Insurer backs plans for obligatory government-backed organisation insurance

Insurer backs plans for obligatory government-backed organisation insurance

Insurer backs plans for obligatory government-backed organisation insurance Specialist insurer Ansvar has backed the Victorian Government’s plans to compel non-government organisations, funded by the state, to be adequately insured and says brokers will need to ensure their clients adhere to the new regulation.

The Victorian Government “supports in principle” that it should require non-government organisations to be incorporated and adequately insured where it funds them or provides them with tax exemptions and/or other entitlements, and is currently considering how to bring this recommendation into force.

The recommendation is one of 15 proposed by the Royal Commission’s Family and Community Development Committee, which is undergoing an inquiry into the Handling of Child Abuse by Religious and Other Non-Government Organisations.

Ansvar’s general manager of underwriting, Richard Wyatt said the recommendation is of “particular importance” as they will need to have legal structures in place in order to operate and will improve the risk management culture of organisations: “Often in charitable organisations there are no corporate levels, and they may not necessarily have the risk management skills in place. By legislating these organisations to become incorporated, greater levels of governance and accountability can now be more rigorously applied and result in greater care and genuine awareness of any vulnerabilities faced by those children the organisation has responsibility for.”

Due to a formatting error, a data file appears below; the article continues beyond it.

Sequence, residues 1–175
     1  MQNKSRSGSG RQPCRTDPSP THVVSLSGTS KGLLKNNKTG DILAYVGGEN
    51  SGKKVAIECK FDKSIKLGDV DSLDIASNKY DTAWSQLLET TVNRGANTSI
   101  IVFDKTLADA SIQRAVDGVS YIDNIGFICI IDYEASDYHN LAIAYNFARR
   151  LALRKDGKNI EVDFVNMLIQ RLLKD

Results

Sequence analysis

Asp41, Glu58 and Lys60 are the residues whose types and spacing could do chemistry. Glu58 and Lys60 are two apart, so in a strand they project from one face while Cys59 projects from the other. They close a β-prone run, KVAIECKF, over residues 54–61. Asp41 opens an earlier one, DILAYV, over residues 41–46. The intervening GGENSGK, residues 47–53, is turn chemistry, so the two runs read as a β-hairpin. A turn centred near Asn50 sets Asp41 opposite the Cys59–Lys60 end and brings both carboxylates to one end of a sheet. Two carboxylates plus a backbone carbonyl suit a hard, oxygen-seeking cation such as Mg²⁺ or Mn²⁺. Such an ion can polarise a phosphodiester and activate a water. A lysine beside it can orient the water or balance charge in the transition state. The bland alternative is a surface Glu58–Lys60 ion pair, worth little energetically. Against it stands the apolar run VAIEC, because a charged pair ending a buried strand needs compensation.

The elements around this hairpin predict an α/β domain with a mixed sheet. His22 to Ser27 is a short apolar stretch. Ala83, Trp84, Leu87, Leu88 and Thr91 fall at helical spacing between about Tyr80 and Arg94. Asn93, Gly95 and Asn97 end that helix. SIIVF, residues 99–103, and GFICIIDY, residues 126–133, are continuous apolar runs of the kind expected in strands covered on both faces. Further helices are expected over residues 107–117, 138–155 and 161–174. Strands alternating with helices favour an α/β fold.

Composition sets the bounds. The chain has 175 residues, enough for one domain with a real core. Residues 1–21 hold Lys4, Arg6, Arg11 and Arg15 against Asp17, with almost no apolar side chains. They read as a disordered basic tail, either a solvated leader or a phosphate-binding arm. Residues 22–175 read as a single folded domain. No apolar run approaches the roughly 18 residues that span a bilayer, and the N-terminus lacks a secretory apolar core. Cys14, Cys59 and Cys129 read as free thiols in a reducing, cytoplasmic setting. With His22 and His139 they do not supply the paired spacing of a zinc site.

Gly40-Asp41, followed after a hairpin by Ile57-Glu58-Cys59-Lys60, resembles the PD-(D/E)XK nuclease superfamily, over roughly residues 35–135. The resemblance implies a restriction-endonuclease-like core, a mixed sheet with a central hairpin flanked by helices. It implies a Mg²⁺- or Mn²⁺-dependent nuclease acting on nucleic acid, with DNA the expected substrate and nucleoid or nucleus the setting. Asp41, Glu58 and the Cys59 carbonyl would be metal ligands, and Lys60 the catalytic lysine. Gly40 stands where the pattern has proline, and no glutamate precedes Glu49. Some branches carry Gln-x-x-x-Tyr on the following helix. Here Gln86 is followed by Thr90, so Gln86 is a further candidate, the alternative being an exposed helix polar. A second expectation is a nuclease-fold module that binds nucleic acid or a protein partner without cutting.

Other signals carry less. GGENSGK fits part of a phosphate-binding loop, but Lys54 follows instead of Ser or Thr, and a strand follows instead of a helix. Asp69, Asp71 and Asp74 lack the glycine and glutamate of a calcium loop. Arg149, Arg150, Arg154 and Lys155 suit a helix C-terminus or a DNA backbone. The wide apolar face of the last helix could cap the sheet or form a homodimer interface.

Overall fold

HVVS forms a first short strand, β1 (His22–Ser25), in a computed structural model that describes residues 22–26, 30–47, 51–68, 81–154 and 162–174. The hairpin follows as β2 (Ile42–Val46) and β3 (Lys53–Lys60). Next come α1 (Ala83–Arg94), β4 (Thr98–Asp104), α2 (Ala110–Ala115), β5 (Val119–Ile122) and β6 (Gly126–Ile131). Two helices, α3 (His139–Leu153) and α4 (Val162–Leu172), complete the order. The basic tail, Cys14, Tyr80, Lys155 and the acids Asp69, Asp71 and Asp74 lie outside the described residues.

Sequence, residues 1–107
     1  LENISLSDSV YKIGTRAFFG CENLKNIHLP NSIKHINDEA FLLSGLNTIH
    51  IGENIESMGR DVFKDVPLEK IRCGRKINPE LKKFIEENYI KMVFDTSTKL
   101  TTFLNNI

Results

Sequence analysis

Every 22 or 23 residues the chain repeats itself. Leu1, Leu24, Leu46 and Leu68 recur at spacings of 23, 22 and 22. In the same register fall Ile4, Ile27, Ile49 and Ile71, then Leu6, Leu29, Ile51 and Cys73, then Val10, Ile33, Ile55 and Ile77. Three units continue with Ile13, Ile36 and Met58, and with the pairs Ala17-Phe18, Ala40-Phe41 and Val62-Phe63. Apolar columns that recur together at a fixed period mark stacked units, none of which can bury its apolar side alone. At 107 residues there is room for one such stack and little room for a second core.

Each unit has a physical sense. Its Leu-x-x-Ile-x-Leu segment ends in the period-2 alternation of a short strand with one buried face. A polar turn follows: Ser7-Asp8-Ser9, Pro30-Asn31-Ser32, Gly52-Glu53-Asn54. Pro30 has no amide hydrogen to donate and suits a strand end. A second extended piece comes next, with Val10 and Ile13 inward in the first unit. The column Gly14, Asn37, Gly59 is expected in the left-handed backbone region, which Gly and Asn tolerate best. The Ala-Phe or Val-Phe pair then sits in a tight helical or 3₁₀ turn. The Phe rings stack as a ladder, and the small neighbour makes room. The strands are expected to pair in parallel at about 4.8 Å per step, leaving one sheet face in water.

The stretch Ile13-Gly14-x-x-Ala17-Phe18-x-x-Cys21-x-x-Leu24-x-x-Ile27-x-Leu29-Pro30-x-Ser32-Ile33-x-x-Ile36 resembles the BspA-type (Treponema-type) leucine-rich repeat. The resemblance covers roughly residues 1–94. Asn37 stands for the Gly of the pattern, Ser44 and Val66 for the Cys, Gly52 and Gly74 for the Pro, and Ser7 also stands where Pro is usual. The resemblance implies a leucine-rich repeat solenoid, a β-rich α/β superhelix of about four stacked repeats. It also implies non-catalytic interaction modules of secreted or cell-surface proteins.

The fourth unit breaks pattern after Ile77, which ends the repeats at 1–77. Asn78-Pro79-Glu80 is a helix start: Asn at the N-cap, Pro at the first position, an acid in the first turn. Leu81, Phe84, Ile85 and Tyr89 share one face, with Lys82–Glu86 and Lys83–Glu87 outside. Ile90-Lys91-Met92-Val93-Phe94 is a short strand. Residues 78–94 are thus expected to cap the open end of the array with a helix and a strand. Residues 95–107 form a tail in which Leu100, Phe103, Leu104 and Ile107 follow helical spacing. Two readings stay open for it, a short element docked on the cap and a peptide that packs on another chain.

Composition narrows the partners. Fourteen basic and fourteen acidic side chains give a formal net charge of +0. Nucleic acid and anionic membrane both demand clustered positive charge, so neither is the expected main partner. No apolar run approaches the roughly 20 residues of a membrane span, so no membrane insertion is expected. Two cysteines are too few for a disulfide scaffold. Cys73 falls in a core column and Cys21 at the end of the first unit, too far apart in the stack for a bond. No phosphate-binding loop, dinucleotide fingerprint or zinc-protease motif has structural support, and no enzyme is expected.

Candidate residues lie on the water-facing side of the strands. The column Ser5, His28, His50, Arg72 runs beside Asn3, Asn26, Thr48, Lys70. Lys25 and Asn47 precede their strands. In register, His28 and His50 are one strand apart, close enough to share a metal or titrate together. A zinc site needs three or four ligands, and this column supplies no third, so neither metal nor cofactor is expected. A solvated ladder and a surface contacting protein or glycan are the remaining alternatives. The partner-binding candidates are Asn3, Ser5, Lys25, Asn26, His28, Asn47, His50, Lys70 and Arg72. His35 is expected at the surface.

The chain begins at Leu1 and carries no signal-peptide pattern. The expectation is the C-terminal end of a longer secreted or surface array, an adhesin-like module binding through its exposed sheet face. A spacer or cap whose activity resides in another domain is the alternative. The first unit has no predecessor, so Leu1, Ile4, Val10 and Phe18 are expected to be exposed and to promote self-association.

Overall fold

Brokers will need to familiarise themselves with the recommendations to ensure their clients have adequate risk management structures in place.
“Brokers will need to be aware of the recommendations in order to be in a position to assist their clients with risk management,” Wyatt said. “They will need to provide comprehensive advice to their clients for any legislative changes and a key aspect of this is helping clients to be aware of the impact of not being appropriately prepared.”
He added: “Brokers will also need to reinforce to their clients that insurance policies tend to exclude cover where it is deemed that the Insured does not comply with relevant legislation.”

Other recommendations include the call for the Victorian Government to undertake a review of the Wrongs Act 1958 (Vic) and identify whether legislative amendment could be made to ensure organisations are held accountable and have a legal duty to take reasonable care to prevent criminal child abuse. 
Wyatt said better awareness of risk management programs is critical to ensure that organisations are aware of this accountability and in a better and more informed position to protect the vulnerable in their care and ultimately prevent criminal child abuse.
He added that the recommendation will remove any doubt that if abuse occurs whilst a victim is in the care of an organisation, that organisation must bear responsibility.
“The only way organisations can be in a position to defend themselves is if they show evidence of having adopted and committed to solid risk management programs.  Equally, the only way they will be able to financially protect themselves is if they have appropriate insurance in place for these circumstances.”

Since January last year, the Royal Commission has been investigating institutions that have failed to protect children and has been making recommendations to improve them, to which the Government responded.

Click here to read the Government’s full report.